While guaranteeing Native Americans all the water they need for irrigation may seem generous on the surface, these numbers are easily changeable since the amount of water needed for irrigation and the amount of land that would benefit from irrigation is negotiable. This changeability makes it easy for the government to provide insufficient water supplies and it also makes it hard for Native Americans to advocate for more water if they do not have enough. The lack of a specific ruling about Native American water rights also makes it difficult to understand what authority Native Americans have over their allocated water. "Could the rights bought, sold, or traded for other water rights?" (Winters v. United States - Further Readings. Net Industries, 2008). In some cases, these uncertainties have been addressed on a tribe-by-tribe basis; however, no overall ruling by the federal government has been decided upon.

An example of a case where this issue has been addressed is the water settlement reached by the Nez Perce Tribe. The Nez Perce Reservation is located in Idaho and the 30 year agreement is between the State, the tribe, and the local communities. Conflict arose because the tribe claimed the right to protect the in-stream flows to preserve the fisheries, while the State argued that this would negatively affect the rights of other water users to divert water. Another claim related to the water the tribe needs for consumption. The settlement quantified the on-reservation, consumptive use reserved water right at 50,000 acre feet per annum, coming mostly from Clearwater River sources, although extra water can be supplied from other sources as long as it does not injure other people's water rights. In addition, it promised to provide $23 million to build a water supply and sewage system. The United States has also promised to give $50 million to a trust fund for the tribe to use in acquiring land and water rights, and improving fisheries and developing water resources. (The Nez Perce Water Rights Settlement, 2004).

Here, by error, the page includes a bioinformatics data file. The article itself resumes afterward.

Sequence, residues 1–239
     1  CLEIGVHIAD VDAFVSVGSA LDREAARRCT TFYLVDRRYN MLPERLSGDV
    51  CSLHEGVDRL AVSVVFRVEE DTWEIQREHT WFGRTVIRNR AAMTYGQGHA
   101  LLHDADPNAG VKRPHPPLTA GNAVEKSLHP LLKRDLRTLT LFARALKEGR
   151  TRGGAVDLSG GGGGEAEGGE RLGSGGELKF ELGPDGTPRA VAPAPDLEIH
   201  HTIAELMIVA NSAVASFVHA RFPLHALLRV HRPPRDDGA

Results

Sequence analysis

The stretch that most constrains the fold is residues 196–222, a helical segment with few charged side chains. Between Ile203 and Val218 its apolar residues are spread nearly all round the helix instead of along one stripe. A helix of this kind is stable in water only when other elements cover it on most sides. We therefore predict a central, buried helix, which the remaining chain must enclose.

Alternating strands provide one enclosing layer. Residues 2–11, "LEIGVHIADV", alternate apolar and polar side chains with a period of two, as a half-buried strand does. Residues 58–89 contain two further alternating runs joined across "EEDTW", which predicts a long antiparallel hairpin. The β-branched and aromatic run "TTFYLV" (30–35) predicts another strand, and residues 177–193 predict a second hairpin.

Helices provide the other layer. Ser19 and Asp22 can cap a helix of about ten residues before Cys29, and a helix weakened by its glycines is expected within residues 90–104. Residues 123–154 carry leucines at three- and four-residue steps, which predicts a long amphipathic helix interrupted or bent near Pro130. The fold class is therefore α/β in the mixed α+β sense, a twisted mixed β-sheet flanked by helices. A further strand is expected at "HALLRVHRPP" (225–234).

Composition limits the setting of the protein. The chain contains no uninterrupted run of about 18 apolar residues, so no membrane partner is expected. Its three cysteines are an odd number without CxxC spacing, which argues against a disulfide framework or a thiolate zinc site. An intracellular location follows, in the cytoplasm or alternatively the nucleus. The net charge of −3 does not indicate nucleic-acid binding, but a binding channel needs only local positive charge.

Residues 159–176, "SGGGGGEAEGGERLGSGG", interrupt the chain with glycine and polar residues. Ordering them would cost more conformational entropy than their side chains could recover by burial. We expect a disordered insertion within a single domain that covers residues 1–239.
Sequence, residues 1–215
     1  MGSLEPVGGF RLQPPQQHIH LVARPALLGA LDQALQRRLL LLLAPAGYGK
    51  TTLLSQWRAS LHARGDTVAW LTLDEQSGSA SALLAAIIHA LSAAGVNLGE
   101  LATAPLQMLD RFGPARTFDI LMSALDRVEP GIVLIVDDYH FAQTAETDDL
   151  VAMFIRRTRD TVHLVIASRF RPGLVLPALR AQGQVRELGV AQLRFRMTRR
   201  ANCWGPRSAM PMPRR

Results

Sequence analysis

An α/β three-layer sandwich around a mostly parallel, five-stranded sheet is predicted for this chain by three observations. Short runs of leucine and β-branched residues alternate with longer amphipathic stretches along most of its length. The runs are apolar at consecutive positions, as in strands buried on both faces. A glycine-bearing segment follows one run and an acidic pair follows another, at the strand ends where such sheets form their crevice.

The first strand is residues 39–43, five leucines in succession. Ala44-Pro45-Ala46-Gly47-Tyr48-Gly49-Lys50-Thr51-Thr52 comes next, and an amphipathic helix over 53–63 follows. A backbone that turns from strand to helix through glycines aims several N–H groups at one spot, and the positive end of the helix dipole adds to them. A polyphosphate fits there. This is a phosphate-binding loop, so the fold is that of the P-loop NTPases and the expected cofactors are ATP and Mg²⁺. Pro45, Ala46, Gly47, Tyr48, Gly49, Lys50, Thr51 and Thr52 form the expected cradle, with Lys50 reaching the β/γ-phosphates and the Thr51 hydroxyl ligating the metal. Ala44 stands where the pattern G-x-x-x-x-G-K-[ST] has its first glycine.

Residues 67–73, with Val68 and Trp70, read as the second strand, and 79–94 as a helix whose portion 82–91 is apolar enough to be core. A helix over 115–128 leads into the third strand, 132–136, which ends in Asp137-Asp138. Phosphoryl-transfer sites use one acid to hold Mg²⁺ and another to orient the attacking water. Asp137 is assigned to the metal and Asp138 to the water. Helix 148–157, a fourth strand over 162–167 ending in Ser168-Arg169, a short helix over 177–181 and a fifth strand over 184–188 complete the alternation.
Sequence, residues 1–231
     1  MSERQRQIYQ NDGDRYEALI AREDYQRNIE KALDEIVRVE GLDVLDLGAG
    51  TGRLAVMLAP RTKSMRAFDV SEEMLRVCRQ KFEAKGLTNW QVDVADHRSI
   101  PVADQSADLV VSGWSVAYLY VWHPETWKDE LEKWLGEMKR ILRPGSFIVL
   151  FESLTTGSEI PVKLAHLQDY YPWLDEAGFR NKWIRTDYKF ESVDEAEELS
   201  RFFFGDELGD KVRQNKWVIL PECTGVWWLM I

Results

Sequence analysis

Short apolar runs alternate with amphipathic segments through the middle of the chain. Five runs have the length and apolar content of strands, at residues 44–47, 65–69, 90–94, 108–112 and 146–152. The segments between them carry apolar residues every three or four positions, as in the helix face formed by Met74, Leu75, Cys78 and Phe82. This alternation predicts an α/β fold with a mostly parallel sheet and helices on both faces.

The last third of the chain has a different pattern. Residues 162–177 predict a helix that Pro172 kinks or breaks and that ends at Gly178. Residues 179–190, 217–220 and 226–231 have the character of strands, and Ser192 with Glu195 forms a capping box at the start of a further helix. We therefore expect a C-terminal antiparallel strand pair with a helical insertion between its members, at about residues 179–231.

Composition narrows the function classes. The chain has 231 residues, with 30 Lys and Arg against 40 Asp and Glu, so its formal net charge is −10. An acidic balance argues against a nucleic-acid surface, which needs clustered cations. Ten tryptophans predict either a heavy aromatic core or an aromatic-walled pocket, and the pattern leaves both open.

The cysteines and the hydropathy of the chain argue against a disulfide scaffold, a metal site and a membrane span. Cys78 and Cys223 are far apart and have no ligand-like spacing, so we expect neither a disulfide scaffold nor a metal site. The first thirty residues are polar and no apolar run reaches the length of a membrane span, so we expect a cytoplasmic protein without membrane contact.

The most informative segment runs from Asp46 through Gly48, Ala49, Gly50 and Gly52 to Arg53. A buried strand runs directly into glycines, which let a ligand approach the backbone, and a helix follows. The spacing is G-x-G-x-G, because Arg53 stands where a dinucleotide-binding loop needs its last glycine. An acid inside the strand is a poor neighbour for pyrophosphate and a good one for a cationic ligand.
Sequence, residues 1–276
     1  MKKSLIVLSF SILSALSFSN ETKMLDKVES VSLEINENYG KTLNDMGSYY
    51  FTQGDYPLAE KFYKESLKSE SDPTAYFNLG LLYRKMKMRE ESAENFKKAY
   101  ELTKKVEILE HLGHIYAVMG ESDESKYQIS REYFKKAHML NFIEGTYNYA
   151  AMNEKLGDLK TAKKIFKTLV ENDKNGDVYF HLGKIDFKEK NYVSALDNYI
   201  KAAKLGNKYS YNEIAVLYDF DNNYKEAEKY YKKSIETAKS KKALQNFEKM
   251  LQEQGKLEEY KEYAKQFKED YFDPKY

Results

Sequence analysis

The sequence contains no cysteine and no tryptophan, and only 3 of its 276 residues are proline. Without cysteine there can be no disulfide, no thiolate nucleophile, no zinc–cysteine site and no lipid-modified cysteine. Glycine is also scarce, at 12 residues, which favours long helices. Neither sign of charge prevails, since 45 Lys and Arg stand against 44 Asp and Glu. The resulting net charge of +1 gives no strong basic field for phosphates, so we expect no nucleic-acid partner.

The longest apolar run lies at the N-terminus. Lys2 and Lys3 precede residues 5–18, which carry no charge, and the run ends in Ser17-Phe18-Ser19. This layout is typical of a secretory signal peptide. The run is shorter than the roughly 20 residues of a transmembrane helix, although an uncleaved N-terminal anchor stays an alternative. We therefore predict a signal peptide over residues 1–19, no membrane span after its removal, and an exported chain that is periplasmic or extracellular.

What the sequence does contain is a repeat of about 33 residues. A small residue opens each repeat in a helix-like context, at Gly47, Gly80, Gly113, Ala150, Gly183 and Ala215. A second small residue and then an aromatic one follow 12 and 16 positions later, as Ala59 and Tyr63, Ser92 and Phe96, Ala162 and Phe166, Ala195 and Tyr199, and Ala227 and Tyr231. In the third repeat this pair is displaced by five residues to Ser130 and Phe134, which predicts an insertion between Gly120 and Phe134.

Clearly each reservation will have a slightly different situation and details of a water agreement would have to be finalized in discussion with them, but to see our general plan for an overall solution, please follow the link below:

Reservation Water Rights Solution